• Fig. 4 DDM reveals heterogeneous slow transport of ring DNA with unique sensitivity to crosslinking.

    (A) Average ISF f(q,t) with q = 2.53 rad μm−1 for ring (circles) and linear (squares) DNA in entangled (cyan) and crosslinked (magenta) cytoskeleton composites. Displayed curves are averages over 20 regions of interest (ROIs). ISFs for linear DNA decay much faster than for ring DNA and exhibit expected exponential decay not seen for rings. While crosslinking slows the decay for rings, it has a negligible effect on the linear DNA ISF. (B and C) All individual ISFs (gray) comprising the average ISF (color coded) for linear and ring DNA in entangled (B) and crosslinked (C) composites. The substantial spread in ISF curves for ring DNA and the slow decay to zero—both features absent for linear DNA—indicate heterogeneous or multimode transport and anomalous slow diffusion, respectively. ISFs for crosslinked networks show a slightly smaller spread for ring topologies, while the spread for linear topologies is slightly larger. (D) That spread in ISFs is quantified by taking the difference between the maximum and minimum values of f(q,t), Δf(q,t), among the multiple ROIs at q = 2.53 rad μm−1. (E) The average Δf(q,t) over the range of time lags is greater with ring than with linear DNA for both networks. For rings, moving from an entangled to a crosslinked network decreases the spread. Conversely, for linear DNA, the spread increases slightly upon crosslinking.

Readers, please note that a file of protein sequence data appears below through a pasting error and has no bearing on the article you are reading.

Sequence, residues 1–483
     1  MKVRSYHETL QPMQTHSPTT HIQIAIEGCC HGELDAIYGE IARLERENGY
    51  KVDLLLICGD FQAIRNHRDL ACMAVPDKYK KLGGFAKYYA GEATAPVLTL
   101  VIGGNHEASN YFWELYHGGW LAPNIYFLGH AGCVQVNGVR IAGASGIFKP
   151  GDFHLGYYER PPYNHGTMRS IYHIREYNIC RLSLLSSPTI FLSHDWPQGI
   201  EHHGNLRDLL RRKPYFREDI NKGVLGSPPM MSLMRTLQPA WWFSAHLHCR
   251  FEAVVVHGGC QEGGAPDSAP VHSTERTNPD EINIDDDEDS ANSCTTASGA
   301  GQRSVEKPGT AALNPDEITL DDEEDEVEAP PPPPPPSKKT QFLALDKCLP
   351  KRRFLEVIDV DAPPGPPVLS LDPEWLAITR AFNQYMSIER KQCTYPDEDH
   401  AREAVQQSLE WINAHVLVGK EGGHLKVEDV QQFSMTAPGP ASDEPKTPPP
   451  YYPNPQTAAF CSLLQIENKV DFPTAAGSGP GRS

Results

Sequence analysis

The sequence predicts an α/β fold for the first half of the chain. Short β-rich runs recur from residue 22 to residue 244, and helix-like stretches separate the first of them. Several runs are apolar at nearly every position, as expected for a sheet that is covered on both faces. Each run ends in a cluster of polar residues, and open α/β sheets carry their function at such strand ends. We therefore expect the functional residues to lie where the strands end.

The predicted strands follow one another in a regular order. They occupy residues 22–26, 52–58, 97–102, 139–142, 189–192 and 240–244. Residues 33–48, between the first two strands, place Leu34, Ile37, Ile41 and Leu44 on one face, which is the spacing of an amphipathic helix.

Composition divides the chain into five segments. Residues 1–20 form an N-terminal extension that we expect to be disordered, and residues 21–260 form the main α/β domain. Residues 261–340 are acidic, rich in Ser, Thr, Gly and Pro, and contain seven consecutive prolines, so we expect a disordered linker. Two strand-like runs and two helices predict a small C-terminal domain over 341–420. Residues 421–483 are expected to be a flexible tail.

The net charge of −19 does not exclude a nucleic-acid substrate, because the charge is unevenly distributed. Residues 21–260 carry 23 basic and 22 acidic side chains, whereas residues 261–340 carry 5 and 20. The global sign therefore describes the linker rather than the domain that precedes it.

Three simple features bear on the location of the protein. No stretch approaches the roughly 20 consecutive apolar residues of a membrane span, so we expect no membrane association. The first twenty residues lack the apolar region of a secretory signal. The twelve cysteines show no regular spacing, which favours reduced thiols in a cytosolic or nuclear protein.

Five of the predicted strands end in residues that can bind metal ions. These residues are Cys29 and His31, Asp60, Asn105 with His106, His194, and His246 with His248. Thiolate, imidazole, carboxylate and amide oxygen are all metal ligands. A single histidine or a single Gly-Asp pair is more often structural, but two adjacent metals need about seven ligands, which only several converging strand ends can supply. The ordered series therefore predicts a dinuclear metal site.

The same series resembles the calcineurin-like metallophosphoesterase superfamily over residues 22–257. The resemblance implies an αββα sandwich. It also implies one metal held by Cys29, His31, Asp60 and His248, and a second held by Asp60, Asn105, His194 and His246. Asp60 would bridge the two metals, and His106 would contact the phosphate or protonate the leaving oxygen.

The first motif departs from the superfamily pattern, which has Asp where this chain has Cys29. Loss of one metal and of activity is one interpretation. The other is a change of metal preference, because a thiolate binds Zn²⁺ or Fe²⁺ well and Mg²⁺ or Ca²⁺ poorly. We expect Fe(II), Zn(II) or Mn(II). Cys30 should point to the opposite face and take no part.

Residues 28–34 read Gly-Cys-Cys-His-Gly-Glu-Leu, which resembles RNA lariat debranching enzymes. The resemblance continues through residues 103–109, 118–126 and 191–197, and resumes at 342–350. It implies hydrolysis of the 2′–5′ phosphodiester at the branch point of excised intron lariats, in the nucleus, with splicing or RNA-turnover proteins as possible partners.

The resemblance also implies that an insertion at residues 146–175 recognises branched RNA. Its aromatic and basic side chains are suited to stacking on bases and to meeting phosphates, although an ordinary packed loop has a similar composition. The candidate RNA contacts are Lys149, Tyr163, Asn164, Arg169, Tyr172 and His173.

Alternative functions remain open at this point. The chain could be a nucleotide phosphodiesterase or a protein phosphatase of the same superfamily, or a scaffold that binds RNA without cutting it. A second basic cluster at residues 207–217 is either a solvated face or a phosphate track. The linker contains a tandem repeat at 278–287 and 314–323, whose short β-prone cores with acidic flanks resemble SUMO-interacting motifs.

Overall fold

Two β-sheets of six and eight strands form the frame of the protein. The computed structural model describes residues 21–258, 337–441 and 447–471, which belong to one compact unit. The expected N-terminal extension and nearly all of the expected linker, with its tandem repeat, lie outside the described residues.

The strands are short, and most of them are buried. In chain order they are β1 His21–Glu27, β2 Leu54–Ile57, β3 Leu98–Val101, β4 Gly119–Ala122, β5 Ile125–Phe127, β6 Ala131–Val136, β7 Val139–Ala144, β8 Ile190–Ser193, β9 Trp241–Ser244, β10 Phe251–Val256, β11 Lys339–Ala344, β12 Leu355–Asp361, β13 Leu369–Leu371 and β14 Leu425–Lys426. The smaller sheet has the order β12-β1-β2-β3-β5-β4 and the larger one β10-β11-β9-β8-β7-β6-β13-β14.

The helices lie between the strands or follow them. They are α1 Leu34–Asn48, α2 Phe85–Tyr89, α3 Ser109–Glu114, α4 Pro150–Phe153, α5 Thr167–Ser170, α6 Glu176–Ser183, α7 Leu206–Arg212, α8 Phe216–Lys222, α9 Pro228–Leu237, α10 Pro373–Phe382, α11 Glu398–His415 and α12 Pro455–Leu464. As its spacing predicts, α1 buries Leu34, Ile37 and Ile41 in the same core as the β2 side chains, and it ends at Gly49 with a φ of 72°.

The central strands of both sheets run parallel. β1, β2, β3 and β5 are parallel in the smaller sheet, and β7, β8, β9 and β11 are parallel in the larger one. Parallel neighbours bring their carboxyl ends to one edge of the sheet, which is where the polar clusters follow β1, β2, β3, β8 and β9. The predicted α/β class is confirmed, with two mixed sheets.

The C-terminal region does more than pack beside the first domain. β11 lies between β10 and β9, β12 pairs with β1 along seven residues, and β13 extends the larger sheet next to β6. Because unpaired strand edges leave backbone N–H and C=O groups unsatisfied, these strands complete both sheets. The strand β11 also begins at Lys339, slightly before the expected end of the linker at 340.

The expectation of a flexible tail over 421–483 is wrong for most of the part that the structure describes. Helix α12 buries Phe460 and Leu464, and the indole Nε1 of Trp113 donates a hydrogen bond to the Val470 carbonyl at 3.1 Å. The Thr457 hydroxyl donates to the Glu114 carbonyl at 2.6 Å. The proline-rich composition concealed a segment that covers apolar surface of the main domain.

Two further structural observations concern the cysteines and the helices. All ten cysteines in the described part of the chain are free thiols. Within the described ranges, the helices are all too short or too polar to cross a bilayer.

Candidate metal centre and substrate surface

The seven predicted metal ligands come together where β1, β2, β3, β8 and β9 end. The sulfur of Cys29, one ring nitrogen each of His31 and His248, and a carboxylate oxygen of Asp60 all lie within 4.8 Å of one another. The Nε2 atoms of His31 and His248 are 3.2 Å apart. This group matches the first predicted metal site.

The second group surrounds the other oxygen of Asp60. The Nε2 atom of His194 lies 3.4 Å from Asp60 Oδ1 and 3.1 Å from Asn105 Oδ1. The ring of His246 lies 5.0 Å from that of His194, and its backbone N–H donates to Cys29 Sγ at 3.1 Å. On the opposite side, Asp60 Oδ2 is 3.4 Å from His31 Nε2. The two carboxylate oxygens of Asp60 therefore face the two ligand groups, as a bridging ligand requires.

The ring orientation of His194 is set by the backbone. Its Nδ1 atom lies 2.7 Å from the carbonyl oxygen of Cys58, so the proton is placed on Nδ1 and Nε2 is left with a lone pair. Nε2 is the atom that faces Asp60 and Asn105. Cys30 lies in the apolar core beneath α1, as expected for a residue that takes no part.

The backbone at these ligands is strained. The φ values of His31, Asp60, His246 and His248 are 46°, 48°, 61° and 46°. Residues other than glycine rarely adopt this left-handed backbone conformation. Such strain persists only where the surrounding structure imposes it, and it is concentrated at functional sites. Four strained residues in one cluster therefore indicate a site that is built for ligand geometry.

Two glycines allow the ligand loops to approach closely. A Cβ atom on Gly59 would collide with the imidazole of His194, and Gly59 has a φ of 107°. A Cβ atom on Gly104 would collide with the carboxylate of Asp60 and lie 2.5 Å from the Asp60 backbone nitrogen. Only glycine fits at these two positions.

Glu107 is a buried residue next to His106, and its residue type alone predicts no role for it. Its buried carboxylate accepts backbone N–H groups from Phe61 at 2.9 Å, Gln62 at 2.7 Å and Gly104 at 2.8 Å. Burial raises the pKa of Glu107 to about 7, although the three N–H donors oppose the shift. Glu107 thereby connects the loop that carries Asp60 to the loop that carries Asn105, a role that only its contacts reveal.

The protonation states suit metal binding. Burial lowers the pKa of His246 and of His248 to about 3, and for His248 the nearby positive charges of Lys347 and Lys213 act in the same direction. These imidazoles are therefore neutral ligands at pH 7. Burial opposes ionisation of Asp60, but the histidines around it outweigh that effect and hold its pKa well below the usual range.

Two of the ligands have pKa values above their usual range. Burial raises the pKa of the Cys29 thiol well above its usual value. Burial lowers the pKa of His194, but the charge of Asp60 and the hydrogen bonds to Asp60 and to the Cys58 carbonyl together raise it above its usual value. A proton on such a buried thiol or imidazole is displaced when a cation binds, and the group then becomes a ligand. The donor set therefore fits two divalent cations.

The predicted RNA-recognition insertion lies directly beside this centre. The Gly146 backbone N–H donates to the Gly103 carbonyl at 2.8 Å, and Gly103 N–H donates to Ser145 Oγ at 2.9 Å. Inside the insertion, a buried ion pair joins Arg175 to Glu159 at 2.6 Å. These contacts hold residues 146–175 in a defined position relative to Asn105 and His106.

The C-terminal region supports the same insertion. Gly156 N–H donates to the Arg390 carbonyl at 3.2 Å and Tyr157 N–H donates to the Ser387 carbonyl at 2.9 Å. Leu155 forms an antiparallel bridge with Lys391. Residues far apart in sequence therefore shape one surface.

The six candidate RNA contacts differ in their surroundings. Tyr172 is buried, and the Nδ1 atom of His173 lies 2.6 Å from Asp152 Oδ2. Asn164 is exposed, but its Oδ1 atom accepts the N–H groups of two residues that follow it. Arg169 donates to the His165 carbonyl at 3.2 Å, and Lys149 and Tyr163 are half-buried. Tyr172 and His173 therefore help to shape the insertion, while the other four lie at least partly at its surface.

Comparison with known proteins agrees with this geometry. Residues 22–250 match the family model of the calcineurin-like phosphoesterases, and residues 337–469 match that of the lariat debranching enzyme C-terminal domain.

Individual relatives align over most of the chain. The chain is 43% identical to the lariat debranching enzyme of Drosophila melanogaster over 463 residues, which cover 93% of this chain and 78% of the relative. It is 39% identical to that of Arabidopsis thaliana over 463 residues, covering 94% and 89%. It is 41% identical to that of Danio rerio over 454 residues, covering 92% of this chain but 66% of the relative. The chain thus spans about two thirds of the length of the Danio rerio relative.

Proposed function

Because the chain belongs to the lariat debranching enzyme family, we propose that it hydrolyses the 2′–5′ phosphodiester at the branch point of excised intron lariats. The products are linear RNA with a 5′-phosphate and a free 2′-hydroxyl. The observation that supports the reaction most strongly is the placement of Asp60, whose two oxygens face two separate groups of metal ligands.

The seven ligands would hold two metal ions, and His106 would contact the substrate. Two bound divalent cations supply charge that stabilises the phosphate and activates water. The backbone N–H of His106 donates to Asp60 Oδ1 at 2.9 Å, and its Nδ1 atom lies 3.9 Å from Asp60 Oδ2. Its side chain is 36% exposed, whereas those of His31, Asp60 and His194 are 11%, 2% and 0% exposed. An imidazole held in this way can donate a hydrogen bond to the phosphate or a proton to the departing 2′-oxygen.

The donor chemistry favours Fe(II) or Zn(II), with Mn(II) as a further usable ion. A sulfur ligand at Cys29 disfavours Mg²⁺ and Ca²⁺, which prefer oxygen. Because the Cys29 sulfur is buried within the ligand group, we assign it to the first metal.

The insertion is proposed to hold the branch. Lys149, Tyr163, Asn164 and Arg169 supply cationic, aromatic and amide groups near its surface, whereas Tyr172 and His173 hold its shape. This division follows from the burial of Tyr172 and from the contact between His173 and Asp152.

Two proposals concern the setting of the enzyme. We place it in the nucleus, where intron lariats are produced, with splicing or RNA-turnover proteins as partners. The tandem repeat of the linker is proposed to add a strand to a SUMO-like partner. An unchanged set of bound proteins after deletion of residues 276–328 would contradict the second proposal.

• Fig. 5 Ring DNA molecules in cytoskeleton networks adopt multiple modes of transport that are not accessible to linear DNA and are affected by cytoskeleton crosslinking.

    Cartoon of ring (green) and linear (red) DNA diffusing through entangled and crosslinked networks of actin (purple) and microtubules (blue). Time scale is arbitrary, and cartoons are not drawn to scale. Each panel is a depiction of a slice in the xy plane with DNA aligned in the plane and actin and microtubule constraints oriented along z. In right-hand panels (Δt = 2), lighter shaded circles denote the two previous positions (Δt = 0, 1) of the corresponding constraints. Within entangled networks, linear DNA can reptate through the network, while ring DNA adopts branched, folded, or threaded conformations. Reptation of the entangled cytoskeleton filaments allows threaded rings to become unthreaded via constraint release of the threading filaments. Crosslinking suppresses the mobility of cytoskeleton filaments that can cause rings to become permanently threaded, slowing their transport, while, at the same time, increasing the mobility of linear DNA as described in text (Fig. 2).

Supplementary Materials

  • Supplementary Materials

    This PDF file includes:

    • Table S1. Quantities derived from single-molecule conformational dynamics analysis.
    • Fig. S1. Distribution of individual MSDs from SMCT analysis.
    • Fig. S2. Fits to D(q,t) from DDM analysis.